New York Knicks: Derrick Rose Will Be A More Mature Player
Steve Mitchell-USA TODAY Sports

New York Knicks‘ Derrick Rose spoke to The Vertical about how he plans to change his game with his new team.

Derrick Rose had a roller coaster seven seasons with the Chicago Bulls before being traded in June to the New York Knicks for a fresh start with a new jersey number and all.

Rose spoke to The Vertical‘s Nick DePaula about his future in New York.

The point guard made some noise earlier in the offseason when he ranked the Knicks as one of the league’s super teams in the league category of the Golden State Warriors. His confidence in his new teammates didn’t waver when he had the opportunity to go back on his words.

Rose reiterated his high, somewhat delusional expectations for the Knicks.

“I feel like I’m not done,” Rose said. “It’s a new start. I feel rejuvenated, and when you put all that together, when I step on the floor, I really don’t know what to expect. What I’m doing right now is just preparing myself for something big. I think we have a chance to win every game, and in the league, that’s rare. ”

It’s a little disconcerting that even Rose isn’t sure what to expect when he steps on the court in 2016-17, but you should be encouraged by the trust he has in his teammates.

Rose notably switched to the No. 25 after the trade, leaving behind the No. 1 that he wore for seven seasons with the Bulls.

He chose the No. 1 in Chicago because that was his number on his AAU team when according to Rose he was, “more aggressive and more dominant” but 25 was his number in high school.

Rose wore 25 in high school to honor Benji Wilson. Rose and Wilson — the subject of the ESPN 30 for 30 entitled “Benji” — went to Simeon High School in Chicago.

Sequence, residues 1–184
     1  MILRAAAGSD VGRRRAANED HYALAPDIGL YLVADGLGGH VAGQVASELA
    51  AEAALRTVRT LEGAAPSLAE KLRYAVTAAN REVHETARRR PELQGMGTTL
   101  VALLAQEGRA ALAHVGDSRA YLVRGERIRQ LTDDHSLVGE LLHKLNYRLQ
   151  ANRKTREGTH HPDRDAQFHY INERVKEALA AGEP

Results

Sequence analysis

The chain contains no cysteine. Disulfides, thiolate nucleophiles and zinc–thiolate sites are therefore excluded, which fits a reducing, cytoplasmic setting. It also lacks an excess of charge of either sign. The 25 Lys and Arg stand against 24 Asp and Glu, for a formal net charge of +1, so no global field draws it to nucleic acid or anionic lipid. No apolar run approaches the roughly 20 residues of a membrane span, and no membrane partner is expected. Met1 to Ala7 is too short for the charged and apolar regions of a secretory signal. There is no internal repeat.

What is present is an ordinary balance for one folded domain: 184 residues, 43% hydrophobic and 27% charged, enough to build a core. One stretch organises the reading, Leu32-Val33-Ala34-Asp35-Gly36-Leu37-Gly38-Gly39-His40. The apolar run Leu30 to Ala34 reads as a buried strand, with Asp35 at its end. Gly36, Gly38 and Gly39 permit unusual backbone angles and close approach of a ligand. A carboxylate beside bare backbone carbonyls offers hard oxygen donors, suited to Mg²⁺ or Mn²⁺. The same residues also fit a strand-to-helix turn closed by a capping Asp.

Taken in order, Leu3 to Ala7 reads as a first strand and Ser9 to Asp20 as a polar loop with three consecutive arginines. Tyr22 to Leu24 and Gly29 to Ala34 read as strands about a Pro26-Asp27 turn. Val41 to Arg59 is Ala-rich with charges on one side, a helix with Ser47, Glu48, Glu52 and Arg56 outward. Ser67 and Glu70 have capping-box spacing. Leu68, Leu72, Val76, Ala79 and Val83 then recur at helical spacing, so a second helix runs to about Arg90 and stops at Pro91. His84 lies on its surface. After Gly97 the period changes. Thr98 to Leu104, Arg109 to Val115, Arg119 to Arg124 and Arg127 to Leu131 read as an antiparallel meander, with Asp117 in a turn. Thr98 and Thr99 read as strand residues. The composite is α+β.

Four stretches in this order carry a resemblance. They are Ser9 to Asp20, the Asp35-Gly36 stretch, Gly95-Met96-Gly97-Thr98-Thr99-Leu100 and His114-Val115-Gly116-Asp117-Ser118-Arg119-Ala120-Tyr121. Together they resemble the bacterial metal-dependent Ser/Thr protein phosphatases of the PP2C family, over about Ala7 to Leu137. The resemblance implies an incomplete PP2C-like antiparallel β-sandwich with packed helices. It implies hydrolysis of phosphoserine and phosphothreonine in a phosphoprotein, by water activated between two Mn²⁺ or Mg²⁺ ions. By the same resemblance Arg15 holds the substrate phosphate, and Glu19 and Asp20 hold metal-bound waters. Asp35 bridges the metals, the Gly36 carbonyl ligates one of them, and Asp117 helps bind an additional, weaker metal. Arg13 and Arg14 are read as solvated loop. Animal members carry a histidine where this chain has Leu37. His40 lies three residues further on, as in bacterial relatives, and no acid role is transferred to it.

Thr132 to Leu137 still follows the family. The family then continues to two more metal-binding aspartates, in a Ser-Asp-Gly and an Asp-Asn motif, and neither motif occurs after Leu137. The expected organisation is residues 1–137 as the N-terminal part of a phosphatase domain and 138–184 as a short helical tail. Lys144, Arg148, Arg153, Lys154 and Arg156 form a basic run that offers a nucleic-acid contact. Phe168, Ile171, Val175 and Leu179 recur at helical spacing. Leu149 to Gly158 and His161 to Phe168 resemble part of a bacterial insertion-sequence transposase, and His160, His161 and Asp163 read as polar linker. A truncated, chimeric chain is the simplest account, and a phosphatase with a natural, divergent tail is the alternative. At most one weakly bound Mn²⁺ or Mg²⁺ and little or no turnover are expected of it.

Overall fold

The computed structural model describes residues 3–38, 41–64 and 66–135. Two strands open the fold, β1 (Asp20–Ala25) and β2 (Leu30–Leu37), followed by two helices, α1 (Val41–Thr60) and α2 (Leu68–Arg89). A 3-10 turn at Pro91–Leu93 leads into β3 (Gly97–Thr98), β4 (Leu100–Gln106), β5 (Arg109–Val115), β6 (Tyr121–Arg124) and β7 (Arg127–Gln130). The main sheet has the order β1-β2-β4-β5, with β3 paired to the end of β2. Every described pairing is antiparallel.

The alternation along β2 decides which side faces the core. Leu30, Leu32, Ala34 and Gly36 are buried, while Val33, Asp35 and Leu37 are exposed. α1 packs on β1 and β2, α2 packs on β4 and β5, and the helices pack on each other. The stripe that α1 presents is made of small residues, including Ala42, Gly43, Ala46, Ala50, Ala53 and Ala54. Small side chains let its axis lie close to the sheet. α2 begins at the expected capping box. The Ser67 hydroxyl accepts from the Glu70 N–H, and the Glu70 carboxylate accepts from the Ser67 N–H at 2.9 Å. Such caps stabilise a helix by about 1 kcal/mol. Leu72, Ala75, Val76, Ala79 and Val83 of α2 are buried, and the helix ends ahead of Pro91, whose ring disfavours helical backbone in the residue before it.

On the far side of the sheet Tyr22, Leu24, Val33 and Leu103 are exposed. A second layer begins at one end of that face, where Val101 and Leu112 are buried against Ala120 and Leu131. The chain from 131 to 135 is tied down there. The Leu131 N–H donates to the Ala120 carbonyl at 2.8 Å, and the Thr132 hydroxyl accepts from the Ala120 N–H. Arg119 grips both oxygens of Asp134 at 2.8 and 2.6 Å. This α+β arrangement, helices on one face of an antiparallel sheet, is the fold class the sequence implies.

Wilson was one of the top high school players in America when he died in 1984 after an altercation with a student from another high school.

Wearing his old number again, Rose says we will see a more mature player.

“Now, with the No. 25, I think you’ll see a more mature player,” Rose said. “You’ll see the player that you saw toward the end of last year. More under control type of game, and I got a lot more options now this year. That No. 1 will always be engraved in me, and it’s not going anywhere. Twenty-five is just a new step, and a new step in the right direction.”

As DePaula points out, Rose stepped up his game in the 20 games after the All-Star break. In 21 games, the 2011 MVP scored 17.4 points per game and shot 46.8% from the field and 37.5% from downtown.

If the Knicks can get anything close to that kind of offensive production from Rose, it will be a success.


I'm ESNY's Executive Editor for I cover the New York Knicks and Brooklyn Nets. Email: Chip Murphy covers the NBA for Elite Sports NY. You can find him on Twitter @ChipperMurphy.